Earnings are the lifeblood of the equity market. Stocks can whipsaw up and down based on a lot of factors in the short term (GameStop, anyone?), but over the long term, the ultimate driver of share prices is cold hard profit.
That’s why investors are paying close attention to the deluge of corporate earnings reports that are hitting the market now and over the next few weeks.
The financial report cards now reflect the performance of business in the fourth quarter, a period that was tainted by the pandemic. The final figures are still pending, but preliminary data from FactSet suggests that the profits of S&P 500 companies may have dropped by 4.7% year-over-year in the quarter—the fourth straight quarter of declines.
Worst Earnings Decline Since 2008
That caps off a dismal year in which earnings declined by more than 12%, the first noteworthy decline since the financial crisis (profits dipped just a hair from 2014 to 2015).
Yet even as the COVID-19 pandemic decimated many industries, its damage wasn’t evenly spread. Within the S&P 500, four of 11 sectors actually managed to eke out growth. Earnings for utilities, consumer staples, technology and health care may have grown by 1.9%, 3.8%, 5.6% and 10.8%, respectively, in 2020 (again, final figures still pending).
It’s not hard to understand why these sectors were so resilient. As has been widely reported, tech companies have been major beneficiaries of the stay-at-home pandemic environment; health care firms have been instrumental in finding coronavirus treatments and vaccines; and utilities/consumer staples provide must-have products and services that are largely insulated from economic volatility.
After a rough 2020, earnings are expected to rebound in 2021, though much uncertainty remains over how strong the recovery will be.
Analysts expect some of the sectors that struggled the most last year to have the biggest recoveries. The S&P 500 as a whole is anticipated to see earnings growth of 22.6%, more than recovering all of 2020’s decline. If analysts are correct, earnings per share in 2021 will be 4% higher than in 2019.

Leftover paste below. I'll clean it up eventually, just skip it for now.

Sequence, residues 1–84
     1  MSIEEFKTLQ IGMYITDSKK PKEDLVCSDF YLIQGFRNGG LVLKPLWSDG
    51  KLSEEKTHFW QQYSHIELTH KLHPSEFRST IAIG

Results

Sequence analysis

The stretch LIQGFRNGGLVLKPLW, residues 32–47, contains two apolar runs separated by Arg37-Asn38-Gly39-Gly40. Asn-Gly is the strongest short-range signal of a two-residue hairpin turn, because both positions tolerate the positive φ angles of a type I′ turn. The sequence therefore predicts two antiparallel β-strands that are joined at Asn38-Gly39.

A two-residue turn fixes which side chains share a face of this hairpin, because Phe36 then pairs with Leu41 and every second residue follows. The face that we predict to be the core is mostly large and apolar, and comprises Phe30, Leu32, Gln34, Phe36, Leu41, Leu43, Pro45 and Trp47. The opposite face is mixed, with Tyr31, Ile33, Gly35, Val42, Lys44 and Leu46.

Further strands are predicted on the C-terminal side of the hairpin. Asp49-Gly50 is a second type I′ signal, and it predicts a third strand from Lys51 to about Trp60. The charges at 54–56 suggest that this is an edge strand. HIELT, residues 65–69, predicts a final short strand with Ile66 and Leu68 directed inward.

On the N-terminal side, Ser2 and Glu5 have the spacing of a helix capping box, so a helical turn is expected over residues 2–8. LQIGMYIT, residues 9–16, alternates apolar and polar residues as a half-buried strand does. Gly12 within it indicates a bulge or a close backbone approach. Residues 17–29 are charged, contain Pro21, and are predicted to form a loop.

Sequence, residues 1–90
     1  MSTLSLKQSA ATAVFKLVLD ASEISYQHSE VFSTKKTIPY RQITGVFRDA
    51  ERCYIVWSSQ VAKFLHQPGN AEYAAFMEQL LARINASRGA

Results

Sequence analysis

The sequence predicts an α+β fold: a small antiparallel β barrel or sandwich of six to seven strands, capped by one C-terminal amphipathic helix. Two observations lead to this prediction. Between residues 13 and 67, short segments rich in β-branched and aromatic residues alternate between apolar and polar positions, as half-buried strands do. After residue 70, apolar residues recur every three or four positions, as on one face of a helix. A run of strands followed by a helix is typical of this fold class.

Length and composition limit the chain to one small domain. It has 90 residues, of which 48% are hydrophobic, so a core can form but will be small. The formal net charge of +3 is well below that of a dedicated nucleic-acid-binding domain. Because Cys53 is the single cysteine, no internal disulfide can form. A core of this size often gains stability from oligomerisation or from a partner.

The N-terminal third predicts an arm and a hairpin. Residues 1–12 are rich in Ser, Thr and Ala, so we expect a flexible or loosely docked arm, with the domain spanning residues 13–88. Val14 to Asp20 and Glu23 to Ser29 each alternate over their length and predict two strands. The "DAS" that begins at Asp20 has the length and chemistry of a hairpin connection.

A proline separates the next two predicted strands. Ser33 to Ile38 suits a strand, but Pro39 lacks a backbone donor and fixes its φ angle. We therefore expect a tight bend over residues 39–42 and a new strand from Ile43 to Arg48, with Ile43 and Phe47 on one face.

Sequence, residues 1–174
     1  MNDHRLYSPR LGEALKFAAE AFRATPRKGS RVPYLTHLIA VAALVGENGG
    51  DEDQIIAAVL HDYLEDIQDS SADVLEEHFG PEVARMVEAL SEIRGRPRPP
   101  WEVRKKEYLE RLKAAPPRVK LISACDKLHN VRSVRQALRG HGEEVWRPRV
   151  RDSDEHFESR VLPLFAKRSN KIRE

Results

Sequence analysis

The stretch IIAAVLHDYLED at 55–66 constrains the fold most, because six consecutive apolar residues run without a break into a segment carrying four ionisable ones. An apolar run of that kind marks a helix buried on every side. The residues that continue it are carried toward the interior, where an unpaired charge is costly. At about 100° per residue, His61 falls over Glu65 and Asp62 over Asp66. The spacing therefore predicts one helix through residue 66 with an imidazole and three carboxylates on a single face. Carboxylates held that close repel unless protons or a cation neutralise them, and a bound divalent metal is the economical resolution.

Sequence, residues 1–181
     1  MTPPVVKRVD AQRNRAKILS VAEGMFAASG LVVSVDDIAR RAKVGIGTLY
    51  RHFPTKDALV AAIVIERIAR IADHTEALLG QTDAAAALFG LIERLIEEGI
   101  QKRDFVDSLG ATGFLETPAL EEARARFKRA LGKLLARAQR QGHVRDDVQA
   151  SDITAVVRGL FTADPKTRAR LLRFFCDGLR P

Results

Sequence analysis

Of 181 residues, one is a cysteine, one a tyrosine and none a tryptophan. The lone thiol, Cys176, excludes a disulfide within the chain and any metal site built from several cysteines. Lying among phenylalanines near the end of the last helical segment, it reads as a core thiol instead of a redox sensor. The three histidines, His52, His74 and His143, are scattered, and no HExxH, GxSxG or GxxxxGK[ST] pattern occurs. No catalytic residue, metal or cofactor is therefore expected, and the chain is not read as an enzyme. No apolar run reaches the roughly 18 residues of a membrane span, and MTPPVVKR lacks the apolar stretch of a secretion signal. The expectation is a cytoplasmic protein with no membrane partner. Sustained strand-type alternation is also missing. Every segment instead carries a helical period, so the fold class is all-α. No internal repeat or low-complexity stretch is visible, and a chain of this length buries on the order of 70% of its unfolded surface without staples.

At the sector level, analysts expect the energy sector to go from a net loss to a profit. At the same time, industrials, consumer discretionary and materials may grow their profits by 73.4%, 59.7% and 32.4%, respectively—all faster than the market as a whole.
All of the other sectors are projected to grow slower than the broad market, but some of them—like the aforementioned tech, consumer staples, health care and utilities sectors—are growing off a higher base since they managed to increase their earnings in 2020.
I started this piece by saying that earnings are the lifeblood of the stock market—and that’s true. Earnings are the No. 1 driver of stock performance over the long term. But shorter term, there can be a disconnect between stock prices and earnings.
Multiples—the amount investors are willing to pay for a given amount of earnings—can go up and down significantly for all sorts of reasons, and their movement often overwhelms any change in profits. For example, in 2020, tech earnings jumped 10.8%, but tech socks surged 43.6% as multiples expanded.
On the other hand, utilities’ profits increased by 1.9% in 2020, but share prices only rose by 0.6%, resulting in modest multiple compression for the sector.
|Ticker||Sector||2020 Earnings Growth*||2020 Return||2021 Earnings Growth *|
The same can be true in 2021. Energy, industrials and consumer discretionary stocks may not be the best-performing sectors of the year. Perhaps their growth is already priced in; or investors don’t anticipate the growth to last; or they just aren’t willing to pay up for the growth due to various factors (energy’s regulatory pressures come to mind).
Yes, over the long term, earnings are the primary driver of stocks, but that says nothing about the short term.